Iman Balagam, Writer for The Sunday Edit at Sunday Riley, recently discussed her experience with digital therapy – a new venture about which she was uncertain in the beginning. However, after a month of working with a licensed therapist via Talkspace, Balagam concluded that the online platform allowed her to seek the help she needed while overcoming the common barriers that many patients face with traditional therapy.
It’s no secret that accessing quality care for mental health can be difficult and costly – most insurances won’t cover the sessions, and in many communities, there is simply a shortage of mental health professionals. Beyond these practical barriers of cost and accessibility, there are also the dozens of personal excuses that people make on a daily basis, covering up their discomfort or avoiding stigma as they explain perceived reasons they cannot start or continue therapy: I don’t have the money. I don’t have the time. I am not comfortable sharing with people I do not know. My issues aren’t that bad. I am embarrassed. It’s hard to find a therapist….And the excuses continue.
However, Talkspace, an online therapy platform, found a solution to these very real barriers and personal hang-ups alike: They built a platform to help individuals just like Iman. In 2012, entrepreneur couple Oren and Roni Frank founded Talkspace with the vision of providing “therapy to all.” The experiences of Iman are testimony as to the reasons why such an online platform can be beneficial to so many.
Getting Started is Simple
Traditional methods of finding a therapist can be overwhelming. First you have to figure out who takes your insurance, then you have to call around and try to find someone that seems to fit your criteria and your schedule. Then, you have to go get to know them. If they are not a good fit for your values or personality, you have to start the exhausting process all over again. However, with Talkspace, the process is made simpler – log on, answer a few questions about your challenges, and connect with a therapist.
Iman recalls, “I took a short assessment where I answered a series of personal questions to get matched to a licensed therapist. I was also asked to make a list of bullet points listing my treatment goals and if I had any positive or negative experiences from past therapy. I wanted my sessions to center around themes of self-esteem, anxiety, and healthy coping mechanisms. After submitting my final answer, I was given three options of therapists to choose from, along with their expertise and educational background. It was a pretty seamless process and I chose a nice woman named Wanda.”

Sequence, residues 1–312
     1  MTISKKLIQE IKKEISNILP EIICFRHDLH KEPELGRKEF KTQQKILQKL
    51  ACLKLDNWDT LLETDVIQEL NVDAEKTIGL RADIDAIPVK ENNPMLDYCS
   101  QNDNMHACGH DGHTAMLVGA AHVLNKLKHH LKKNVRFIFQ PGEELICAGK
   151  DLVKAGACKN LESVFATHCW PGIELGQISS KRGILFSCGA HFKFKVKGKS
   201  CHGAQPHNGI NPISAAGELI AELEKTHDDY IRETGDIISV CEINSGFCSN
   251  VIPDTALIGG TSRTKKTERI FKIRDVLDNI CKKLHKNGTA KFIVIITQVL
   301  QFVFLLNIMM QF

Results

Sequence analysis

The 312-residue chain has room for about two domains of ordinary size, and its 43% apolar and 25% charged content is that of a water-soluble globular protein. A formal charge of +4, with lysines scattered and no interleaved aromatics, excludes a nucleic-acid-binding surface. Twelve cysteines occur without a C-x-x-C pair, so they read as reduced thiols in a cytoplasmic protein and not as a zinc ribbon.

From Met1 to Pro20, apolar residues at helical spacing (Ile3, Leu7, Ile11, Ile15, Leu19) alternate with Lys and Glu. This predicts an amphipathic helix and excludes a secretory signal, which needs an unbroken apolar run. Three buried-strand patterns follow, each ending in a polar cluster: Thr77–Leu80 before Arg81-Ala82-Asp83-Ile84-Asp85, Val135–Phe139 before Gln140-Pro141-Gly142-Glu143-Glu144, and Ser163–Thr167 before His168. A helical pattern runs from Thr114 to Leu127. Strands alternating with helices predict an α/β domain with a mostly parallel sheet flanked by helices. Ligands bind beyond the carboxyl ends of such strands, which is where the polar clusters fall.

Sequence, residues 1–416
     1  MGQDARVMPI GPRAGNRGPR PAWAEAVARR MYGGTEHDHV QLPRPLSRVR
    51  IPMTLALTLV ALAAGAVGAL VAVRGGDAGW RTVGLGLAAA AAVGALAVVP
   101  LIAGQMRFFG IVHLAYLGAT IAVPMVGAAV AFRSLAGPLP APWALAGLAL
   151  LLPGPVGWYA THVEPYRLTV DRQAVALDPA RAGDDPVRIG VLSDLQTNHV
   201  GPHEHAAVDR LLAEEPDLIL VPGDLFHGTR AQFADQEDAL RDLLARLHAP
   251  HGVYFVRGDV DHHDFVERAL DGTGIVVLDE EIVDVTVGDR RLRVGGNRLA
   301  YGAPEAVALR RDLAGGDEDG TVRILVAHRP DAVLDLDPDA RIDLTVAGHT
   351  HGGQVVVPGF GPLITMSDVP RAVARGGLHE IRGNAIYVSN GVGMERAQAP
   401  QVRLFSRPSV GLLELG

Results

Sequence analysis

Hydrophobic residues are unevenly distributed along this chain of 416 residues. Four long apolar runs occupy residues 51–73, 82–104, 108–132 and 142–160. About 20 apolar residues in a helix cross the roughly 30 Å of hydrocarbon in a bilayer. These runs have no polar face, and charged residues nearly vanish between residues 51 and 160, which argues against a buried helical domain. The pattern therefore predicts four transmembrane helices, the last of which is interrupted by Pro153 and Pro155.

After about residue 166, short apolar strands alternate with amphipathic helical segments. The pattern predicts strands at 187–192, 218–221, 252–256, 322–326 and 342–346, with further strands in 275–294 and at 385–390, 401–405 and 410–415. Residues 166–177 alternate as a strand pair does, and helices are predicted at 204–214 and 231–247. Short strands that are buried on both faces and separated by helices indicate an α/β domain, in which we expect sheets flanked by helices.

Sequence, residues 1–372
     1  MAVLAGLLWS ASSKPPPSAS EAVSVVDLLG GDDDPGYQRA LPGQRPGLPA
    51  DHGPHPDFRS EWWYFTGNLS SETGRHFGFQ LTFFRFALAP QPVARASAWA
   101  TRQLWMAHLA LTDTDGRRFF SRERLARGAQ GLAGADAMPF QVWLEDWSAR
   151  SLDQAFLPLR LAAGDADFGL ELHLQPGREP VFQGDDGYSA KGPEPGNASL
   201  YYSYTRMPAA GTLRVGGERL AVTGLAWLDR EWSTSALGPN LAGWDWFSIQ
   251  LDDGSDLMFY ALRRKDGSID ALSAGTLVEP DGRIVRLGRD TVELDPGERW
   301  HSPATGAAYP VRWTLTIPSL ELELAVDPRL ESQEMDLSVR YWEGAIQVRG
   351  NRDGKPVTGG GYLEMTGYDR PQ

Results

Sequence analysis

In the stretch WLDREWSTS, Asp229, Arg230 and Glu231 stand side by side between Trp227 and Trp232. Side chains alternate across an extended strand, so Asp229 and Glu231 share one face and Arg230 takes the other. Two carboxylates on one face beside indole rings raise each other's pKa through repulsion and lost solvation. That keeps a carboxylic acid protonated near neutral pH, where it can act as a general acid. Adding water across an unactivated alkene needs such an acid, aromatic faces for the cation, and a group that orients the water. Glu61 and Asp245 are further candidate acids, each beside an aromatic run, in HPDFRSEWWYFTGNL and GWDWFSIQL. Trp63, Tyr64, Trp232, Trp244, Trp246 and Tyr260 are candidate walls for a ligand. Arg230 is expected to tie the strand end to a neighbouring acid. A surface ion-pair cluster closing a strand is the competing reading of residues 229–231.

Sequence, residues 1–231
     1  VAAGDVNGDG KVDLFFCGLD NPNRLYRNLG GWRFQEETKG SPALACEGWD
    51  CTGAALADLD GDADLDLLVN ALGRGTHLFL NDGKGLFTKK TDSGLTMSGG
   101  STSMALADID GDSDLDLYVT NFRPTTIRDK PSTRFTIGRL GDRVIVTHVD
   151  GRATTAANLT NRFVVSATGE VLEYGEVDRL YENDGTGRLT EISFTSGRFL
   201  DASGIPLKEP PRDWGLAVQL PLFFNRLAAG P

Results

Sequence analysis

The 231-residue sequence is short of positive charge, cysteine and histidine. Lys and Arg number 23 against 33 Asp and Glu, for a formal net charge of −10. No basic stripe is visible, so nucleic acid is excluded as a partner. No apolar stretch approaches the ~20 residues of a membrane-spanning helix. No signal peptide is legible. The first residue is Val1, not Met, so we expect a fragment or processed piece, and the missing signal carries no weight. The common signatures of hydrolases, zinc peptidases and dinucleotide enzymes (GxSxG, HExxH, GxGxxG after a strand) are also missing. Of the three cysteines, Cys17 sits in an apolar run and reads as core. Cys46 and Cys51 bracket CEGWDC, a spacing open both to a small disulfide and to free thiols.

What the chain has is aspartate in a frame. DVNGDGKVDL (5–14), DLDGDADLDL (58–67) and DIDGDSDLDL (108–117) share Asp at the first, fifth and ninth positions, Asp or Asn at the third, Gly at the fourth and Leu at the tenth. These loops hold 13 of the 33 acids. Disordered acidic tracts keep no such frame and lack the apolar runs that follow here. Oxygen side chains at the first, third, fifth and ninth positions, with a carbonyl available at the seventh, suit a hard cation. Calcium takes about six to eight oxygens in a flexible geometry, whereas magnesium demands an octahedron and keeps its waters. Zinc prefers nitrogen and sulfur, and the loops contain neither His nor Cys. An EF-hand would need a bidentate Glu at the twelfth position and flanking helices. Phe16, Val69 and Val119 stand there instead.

You Get More Time to Share
A second major concern with traditional therapy is that your time to process and talk is strictly limited when you are working with a traditional therapist. For most people though, their problems continue daily and sometimes present themselves at erratic times rather than on an orderly and predictable schedule. When the time comes to go see the therapist, you may have forgotten what the major problem was that was stressing you out because of other life events that distracted you, or you may not feel as emotionally attached to a problem at that moment, limiting your ability to process or connect to the underlying problems. However, online therapy allows users to share at any time and in various methods with their therapists, ensuring that the emotions get out and are verbalized. This allows the therapist to more deeply understand what is impacting your day-to-day functioning.
Iman recalls “While I loved traditional therapy, it was hard to make time for it once I started working. Appointments were always during work hours, and by the time I scheduled an appointment, I forgot what was bothering me in the first place. With the app, it was easy to word vomit because I did not have to face anyone in person, which I had previously found to be intimidating. And because you are not limited to an hour like in traditional therapy, I had an infinite amount of time to talk about myself. I felt as though I was working on the manuscript for my autobiography. It was hard deciding what was necessary to share and what was meaningless… On my commute to and from work, I would send multiple voice memos discussing what happened that day or what bothered me. I tried to stick to one central theme per rant, but there were definitely times I sent panicked messages in the dead of night when struggling to fall asleep. These were all benefits that are not possible with traditional therapy. Plus, I was not worried about keeping up appearances for Wanda. Since I could not see her facial expressions, I felt unfiltered and free of judgment.”